Financial Information

Taxes

An ALS diagnosis brings lots of changes, including financial ones. Medical bills increase, income decreases, and there are questions about everything from insurance coverage to estate planning. 

One thing that does not change is the government requirement to pay taxes. As long as you have an income, you have to file an income tax return.

Below are some tax considerations that people with ALS should keep in mind, along with ways to potentially decrease your tax burden. 

Deductions 

All medical costs can be deducted on your federal tax returns, as long as those expenses exceed 10 percent of your adjusted gross income. (For 2016, if you are age 65 or older, you can deduct all medical expenses that exceed 7.5 percent of your adjusted gross income. Starting in 2017, the threshold will be 10 percent for everyone, regardless of age.) 

Medical expenses can include almost anything related to your medical care, including transportation costs to and from appointments, prescription drug costs, buying or renting medical equipment, nontraditional medical care, and mental health expenses. Remember that the medical expenses don’t have to be related to ALS, so expenses like prescription eyeglasses or dental cleanings are also deductible. 

Costs that are not deductible include over-the-counter medications, vitamins, health foods, and cosmetic medical procedures. Generally speaking, if it wouldn’t be covered by health insurance, it won’t be considered deductible by the IRS. 

Note that the deductions only cover your unreimbursed out-of-pocket expenses. You can’t deduct the portion of your medical bill that is paid for by your insurance policy, for instance. And it only includes payments, not bills; if you have unpaid bills, you can’t deduct them until they are paid. For example, if you receive a bill in December this year but don’t pay it until January, then it can’t be deducted from this year’s taxes. Instead, it will go on the next year’s tax return. 

Employment Taxes for In-Home Caregivers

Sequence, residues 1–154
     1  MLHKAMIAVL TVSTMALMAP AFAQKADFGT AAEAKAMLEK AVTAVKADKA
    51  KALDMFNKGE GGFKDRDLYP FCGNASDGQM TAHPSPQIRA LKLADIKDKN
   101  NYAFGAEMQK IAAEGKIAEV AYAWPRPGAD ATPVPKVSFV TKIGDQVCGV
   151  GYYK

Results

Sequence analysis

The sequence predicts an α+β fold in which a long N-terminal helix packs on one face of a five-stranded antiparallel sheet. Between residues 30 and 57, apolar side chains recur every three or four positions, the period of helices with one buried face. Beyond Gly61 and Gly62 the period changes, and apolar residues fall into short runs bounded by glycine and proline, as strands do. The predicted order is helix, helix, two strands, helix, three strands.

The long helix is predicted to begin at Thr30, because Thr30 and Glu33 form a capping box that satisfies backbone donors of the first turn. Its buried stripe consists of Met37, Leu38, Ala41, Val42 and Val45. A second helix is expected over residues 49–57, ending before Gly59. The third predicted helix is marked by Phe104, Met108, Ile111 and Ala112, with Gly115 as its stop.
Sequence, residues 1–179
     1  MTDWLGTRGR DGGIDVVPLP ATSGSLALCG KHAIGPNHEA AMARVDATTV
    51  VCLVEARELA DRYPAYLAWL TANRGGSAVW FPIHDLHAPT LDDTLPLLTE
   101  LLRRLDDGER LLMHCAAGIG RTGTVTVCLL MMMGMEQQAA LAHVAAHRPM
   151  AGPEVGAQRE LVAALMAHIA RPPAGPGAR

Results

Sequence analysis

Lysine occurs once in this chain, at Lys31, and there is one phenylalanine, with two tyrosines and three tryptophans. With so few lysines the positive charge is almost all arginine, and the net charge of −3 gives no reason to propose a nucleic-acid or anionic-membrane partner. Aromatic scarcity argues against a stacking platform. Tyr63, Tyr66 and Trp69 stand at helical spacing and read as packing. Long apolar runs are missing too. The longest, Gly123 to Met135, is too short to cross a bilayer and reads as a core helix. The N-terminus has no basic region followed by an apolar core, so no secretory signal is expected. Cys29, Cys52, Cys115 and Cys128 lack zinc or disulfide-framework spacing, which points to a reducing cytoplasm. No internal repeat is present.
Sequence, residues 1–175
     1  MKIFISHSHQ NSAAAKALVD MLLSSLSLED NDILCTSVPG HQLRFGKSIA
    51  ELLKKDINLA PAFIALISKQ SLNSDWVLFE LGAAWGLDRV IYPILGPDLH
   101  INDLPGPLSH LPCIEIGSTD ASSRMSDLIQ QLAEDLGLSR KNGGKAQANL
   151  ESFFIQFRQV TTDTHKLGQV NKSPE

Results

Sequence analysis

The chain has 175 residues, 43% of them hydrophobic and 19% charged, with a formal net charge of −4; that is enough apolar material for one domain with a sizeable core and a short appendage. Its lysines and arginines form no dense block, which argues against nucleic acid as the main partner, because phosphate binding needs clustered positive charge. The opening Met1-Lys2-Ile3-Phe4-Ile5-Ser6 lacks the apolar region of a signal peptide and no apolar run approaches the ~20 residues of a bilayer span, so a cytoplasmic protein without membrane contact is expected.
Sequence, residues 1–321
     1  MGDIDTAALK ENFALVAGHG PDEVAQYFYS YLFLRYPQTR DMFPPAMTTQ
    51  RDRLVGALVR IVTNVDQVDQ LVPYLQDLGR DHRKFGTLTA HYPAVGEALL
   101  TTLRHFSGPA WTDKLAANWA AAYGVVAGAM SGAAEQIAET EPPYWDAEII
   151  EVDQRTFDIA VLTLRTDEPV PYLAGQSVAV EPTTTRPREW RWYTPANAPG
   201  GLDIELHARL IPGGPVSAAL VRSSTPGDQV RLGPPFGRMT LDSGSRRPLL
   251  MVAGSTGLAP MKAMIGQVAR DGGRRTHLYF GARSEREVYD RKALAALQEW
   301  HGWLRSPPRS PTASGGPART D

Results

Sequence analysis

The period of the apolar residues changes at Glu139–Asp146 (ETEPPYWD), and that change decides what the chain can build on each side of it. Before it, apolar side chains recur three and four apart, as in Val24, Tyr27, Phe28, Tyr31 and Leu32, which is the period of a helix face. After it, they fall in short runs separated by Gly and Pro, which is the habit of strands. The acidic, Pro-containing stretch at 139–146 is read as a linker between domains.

If you hire someone to provide in-home care—whether it be a private nurse, a housekeeper, or any other kind of paid caregiver—you may be responsible for their payroll taxes. 

Many in-home caregivers are hired through agencies. If you go through an agency, the caregiver is typically considered an employee of the agency, and the agency is responsible for all payroll taxes and IRS forms. All you have to do is pay the agency, and they will take care of those details. 

If you hire a caregiver directly, without going through an agency, your tax responsibility depends on whether they are considered an independent contractor or a household employee. 

If the caregiver is an independent contractor, you do not have to withhold any taxes from their pay. Someone is considered an independent contractor if they are able to decide when and where the work is performed, if they provide their own equipment, or if they have the flexibility to outsource work to another caregiver. Though you don’t have to cover an independent contractor’s payroll taxes, you do have to file a 1099 tax form for them if you pay them more than $600 over the course of the year. If it is less than $600, you do not have to file anything. 

If the in-home caregiver is not an independent contractor, then they are considered to be a household employee. Since they’re your employee, you are responsible for withholding payroll taxes from their paycheck, and must issue the employee a W-2 at the end of the year. 

Other Tax Considerations 

A few other things to keep in mind when navigating your tax responsibilities: 

  • If you do not earn any taxable income throughout the entire year, you most likely won’t need to file a tax return (and definitely will not have to pay any income taxes). 

  • If, due to ALS, paying your income taxes would present a financial hardship, you can apply to be considered “currently not collectible” by the IRS. This doesn’t eliminate your tax debt, but it means the IRS won’t penalize you for not paying your taxes. 

  • If you receive an accelerated benefits rider, which is an early payout from a life insurance policy, you should check with a tax advisor to see if the payout is considered taxable income. Usually, such benefits are not taxable, but there are exceptions to the rule. 

  • When someone passes away, survivors must still file a tax return on their behalf for any income earned before their death. 

  • There may be state and federal taxes on any inheritance left to survivors. 

You can talk with a tax advisor or an estate planning attorney to get professional advice on what your tax burdens might be, and potentially reduce the amount of taxes that have to be paid.